The Not So Saasy5 – Choosing Diversity

Okay, so Saasy5 is all about 5 things Salesforce each week.  Well, this week I’m struck by one thing, one huge thing.  I’m shocked by the inequality in my community and my privileged perspective on a daily basis.  The other day something hit me and I just can’t think about 5 things specifically about Salesforce.

So here’s what happened the other day:

While sitting at an airport Chili’s getting a snack before my flight, I see a group of about five African-American men heading out for a bachelor trip sitting across the bar.  They’re all laughing and having fun with the customers around them about their celebratory trip to Vegas.  The scene actually made me smile for a second because of the “diversity” of it all; their server was Hispanic, there was a white couple on one side of the group and an Asian businessman on the other.  Everyone seemed to really be enjoying this moment.  Then the white couple purchased the group a round of beers to celebrate the groom and a few minutes later she pulled a cellphone with a confederate flag phone case out of her purse. My mind twisted and my heart sunk because I didn’t understand.  How could the same woman give the same group such a kind gift and then display such a symbol of hate toward them?

I like to say I believe in diversity and inclusion but the truth is I rarely put myself in a position to stand up for that belief.  I am actively working on that though, I’ve joined the Slalom Houston D&I team to learn more.  I’m finding that more often I’m putting myself in diverse groups of people with different backgrounds and beliefs.  I think to really understand another person’s perspective we have to put ourselves near them.  We have to try to see the world through their eyes with their perspective.  I think that’s how we bridge the gaps between our differences.  I’m thankful for my friends (mostly in the Salesforce community) whom I trust to ask the awkward questions about the parts of all of this that I just don’t understand.  By understanding where those that are different from me are coming from and allowing that new knowledge to influence my daily life, my mindset changes.  The way I approach things changes.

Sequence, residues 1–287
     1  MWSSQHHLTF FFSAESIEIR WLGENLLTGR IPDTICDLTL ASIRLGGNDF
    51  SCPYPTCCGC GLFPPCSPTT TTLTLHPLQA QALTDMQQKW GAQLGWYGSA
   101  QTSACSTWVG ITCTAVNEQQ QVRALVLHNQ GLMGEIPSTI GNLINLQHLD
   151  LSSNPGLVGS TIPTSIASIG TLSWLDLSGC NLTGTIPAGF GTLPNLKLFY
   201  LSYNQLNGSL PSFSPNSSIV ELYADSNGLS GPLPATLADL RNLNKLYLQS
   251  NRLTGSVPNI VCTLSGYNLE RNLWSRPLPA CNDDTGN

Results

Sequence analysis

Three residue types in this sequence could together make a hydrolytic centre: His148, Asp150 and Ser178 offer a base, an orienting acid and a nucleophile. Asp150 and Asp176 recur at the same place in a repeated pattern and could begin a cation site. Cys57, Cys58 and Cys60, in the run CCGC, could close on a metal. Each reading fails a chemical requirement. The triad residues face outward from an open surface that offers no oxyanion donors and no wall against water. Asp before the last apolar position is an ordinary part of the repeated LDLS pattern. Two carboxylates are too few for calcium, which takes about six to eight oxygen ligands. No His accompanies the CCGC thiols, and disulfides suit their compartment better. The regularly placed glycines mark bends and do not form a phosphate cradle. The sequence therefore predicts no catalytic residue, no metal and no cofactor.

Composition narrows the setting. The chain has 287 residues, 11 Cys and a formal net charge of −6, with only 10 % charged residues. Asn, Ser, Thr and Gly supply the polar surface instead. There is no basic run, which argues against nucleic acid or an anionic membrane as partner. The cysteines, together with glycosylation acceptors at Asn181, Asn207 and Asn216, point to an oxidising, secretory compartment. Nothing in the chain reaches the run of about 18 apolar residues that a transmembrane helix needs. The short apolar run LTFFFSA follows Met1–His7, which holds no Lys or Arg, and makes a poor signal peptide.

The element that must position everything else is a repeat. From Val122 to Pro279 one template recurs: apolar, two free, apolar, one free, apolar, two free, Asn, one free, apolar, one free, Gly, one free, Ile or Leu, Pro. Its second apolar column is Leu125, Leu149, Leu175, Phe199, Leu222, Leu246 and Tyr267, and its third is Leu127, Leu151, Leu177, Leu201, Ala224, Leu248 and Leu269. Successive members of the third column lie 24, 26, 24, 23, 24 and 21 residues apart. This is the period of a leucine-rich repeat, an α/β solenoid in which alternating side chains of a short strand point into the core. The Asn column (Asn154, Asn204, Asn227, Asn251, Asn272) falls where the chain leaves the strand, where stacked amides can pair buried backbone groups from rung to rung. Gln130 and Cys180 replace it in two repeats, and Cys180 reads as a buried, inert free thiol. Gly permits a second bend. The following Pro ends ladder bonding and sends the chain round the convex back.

I’ve always done good things for the community around me; helped at homeless shelters and built houses on summer mission service trips in high school (if you need a new roof, I’m your girl) but that’s different from actively seeking diversity in my daily life.  One is helping those in need who often look different than me and the other is actively seeking those who are different than me and exposing myself to their perspective of the world.

There’s something not so unique about me; I’m a smart brunette female who’s worked hard in school and her career to get where she is.  I’m a little preppy and like to route for my college sports teams (Go Jackets!!).  I’m a stereotype.  I hate that because in as many ways as I’m the stereotype I am NOT the stereotype.  No one expects that I can do the things I can do with technology.  No one expects that I am actively working on myself in the ways that I am.  No one expects that I struggle with something inside me that wants to be the housewife who cooks dinner every night in a beautifully kept home while balancing the overwhelming desire to have an extraordinary and impactful career. No one expects that of me but no one holds me back either.  No one holds me back, that’s the difference.

I cannot imagine what it feels like to drink a beer given to me by a person who is blatantly displaying a symbol of hate towards me.  A symbol that is a reminder of a time in history where my stereotype was accepted as less than the rest of the community around me.  It’s probably something like drinking a beer bought by a guy wearing a shirt that says “Women belong in the kitchen” or “Women can’t code”, only far worse I imagine.

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I would love your help building out resources on the Saasy5 Pinterest board.  Here is what I’ve got so far.  What resources do you recommend for those wanting to learn more about Diversity and Inclusion?